# 2003_Question4 (i)

Note that f'(x) = 2x - 2p = 2(x - p) so f'(x) = 0 iff x = p. So there is a stationary point in 0 < x < 1 iff 0 < p < 1.

(ii)

If p \ge 1, then f'(x) < 0 for 0 \le x < 1. So f is decreasing on 0 \le x \le 1. So the minimum value attained is at x = 1, ie. is f(1) = 1 - 2p + 3 = 4 - 2p.

(iii)

If p \le 0, then f'(x) \ge 0. So f is increasing on 0 \le x \le 1. So the maximum value is attained at x = 0, so m = 3. Alternatively note that if p \le 0, -2p \ge 0, so f(x) = x^2 - 2px + 3 \ge 3 with equality at x = 0.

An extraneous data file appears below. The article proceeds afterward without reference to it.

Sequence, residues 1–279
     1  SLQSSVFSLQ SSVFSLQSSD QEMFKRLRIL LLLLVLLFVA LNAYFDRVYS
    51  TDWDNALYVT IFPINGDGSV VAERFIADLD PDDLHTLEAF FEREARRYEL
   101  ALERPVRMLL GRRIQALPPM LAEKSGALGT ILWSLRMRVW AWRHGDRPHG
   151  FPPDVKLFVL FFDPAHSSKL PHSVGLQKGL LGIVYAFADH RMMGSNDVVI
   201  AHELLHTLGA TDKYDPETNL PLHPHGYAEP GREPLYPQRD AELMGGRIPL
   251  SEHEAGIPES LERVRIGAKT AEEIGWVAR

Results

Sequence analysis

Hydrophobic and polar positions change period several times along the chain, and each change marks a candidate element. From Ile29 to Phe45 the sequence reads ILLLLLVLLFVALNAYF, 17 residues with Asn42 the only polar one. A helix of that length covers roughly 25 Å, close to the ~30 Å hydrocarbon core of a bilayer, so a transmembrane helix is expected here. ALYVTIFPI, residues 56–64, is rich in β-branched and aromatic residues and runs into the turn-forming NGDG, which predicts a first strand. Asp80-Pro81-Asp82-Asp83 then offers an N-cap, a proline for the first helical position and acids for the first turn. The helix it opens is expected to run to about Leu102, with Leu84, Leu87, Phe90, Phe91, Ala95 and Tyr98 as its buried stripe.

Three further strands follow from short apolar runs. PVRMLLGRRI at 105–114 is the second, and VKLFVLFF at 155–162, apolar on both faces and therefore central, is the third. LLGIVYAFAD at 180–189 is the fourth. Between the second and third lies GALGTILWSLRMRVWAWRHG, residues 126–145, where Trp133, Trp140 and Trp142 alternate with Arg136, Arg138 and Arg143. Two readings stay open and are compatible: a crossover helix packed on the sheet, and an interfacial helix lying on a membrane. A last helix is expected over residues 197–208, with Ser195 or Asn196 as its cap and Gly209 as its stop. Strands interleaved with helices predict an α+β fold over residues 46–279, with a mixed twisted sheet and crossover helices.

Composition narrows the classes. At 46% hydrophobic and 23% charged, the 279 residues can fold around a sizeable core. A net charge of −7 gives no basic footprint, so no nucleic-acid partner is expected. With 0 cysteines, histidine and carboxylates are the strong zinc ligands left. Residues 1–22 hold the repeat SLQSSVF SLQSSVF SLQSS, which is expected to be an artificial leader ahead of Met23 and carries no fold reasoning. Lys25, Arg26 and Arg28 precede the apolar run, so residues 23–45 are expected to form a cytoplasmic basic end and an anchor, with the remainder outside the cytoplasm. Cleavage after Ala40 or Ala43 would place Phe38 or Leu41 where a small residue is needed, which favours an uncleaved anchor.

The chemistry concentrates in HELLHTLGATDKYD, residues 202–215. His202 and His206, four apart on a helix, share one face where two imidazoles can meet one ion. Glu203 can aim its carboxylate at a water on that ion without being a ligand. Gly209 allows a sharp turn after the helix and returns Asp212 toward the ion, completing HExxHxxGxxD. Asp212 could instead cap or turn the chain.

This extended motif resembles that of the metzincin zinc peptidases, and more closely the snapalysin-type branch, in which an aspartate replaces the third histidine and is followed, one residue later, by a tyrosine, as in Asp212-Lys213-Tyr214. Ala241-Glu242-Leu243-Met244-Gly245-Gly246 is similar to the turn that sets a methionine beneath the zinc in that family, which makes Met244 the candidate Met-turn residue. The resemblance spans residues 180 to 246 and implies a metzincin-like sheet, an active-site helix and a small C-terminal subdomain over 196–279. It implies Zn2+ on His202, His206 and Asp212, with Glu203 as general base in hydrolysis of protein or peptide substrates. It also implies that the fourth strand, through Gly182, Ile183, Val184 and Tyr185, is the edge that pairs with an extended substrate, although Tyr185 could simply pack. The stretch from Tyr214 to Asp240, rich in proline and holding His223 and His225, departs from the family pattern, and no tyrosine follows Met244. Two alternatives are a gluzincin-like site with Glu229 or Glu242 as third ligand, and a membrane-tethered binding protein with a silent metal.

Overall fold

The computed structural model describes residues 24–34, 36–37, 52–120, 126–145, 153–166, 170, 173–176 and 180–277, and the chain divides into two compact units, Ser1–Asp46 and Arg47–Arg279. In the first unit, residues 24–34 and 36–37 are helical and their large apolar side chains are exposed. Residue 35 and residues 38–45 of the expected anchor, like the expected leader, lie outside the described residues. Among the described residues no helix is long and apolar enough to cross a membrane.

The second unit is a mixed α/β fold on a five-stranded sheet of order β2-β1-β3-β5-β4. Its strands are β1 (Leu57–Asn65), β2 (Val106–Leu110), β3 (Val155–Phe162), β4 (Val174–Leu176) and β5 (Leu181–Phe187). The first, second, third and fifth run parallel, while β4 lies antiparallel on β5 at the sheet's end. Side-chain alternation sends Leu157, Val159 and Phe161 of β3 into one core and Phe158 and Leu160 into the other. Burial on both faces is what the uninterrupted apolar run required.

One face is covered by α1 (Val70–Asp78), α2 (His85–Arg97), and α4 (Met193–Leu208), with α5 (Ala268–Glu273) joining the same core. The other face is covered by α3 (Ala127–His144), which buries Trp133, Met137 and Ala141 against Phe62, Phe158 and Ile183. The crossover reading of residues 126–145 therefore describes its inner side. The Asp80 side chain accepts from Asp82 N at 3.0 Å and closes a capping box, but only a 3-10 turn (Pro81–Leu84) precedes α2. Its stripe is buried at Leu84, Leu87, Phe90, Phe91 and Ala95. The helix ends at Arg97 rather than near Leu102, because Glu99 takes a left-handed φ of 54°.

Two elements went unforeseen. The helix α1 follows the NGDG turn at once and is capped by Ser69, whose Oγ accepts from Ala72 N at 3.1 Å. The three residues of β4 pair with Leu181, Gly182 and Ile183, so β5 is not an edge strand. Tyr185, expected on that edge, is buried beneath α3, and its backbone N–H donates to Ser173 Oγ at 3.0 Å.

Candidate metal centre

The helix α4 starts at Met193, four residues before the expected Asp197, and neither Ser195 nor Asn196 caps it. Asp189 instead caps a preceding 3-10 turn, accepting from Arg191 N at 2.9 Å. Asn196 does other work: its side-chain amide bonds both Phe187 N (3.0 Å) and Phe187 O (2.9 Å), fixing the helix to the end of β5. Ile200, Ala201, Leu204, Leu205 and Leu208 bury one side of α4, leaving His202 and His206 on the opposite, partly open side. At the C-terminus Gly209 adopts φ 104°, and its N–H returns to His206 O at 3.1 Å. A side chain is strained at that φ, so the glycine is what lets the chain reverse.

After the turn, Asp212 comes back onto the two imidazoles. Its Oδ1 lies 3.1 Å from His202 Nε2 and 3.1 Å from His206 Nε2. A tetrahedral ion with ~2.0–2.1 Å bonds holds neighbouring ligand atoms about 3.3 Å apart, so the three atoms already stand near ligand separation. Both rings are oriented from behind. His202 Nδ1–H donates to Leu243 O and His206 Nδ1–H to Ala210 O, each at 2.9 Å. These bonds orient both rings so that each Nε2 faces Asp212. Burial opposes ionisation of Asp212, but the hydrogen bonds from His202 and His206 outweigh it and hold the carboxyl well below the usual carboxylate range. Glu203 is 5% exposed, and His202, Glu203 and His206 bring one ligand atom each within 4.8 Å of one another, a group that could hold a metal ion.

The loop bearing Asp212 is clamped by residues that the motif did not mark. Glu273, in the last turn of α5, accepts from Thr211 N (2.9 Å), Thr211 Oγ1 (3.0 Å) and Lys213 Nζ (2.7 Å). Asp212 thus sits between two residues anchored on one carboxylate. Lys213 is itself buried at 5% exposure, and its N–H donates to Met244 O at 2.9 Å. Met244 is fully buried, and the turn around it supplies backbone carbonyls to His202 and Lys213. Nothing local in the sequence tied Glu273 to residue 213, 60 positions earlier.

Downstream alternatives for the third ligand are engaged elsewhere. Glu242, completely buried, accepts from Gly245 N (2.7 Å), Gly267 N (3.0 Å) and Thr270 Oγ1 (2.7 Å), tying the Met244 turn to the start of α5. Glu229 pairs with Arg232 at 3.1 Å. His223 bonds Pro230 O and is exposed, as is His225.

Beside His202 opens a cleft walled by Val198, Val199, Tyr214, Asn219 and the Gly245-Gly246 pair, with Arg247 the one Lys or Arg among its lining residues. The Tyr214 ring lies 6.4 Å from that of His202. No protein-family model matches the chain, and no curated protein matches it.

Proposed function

(iv)

Note that in general that because f'(x) = 2(x - p), we have that f is decreasing for x < p and increasing for x > p. So, a minimum is attained at x = p. (alternatively release that the second derivative is negative at x = p) So the minimum value in this case is f(p) = p^2 - 2p^2 + 3 = 3 - p^2.

(v)

We know that:

\displaystyle m(p) = \begin{cases}3 & -2 \le p \le 0 \\ 3 - p^2 & 0 < p < 1 \\ 4 - 2p & p \ge 1\end{cases}

for -2 \le p \le 2.

We note that 3 = 3 - 0^2 and 3 - 1^2 = 4 - 2 = 2, so m is certainly continuous in p meaning that we will not have any “jumps”. We expect a straight horizontal line from -2 to 0, into a decreasing quadratic, then finally into a decreasing straight line. This will look like: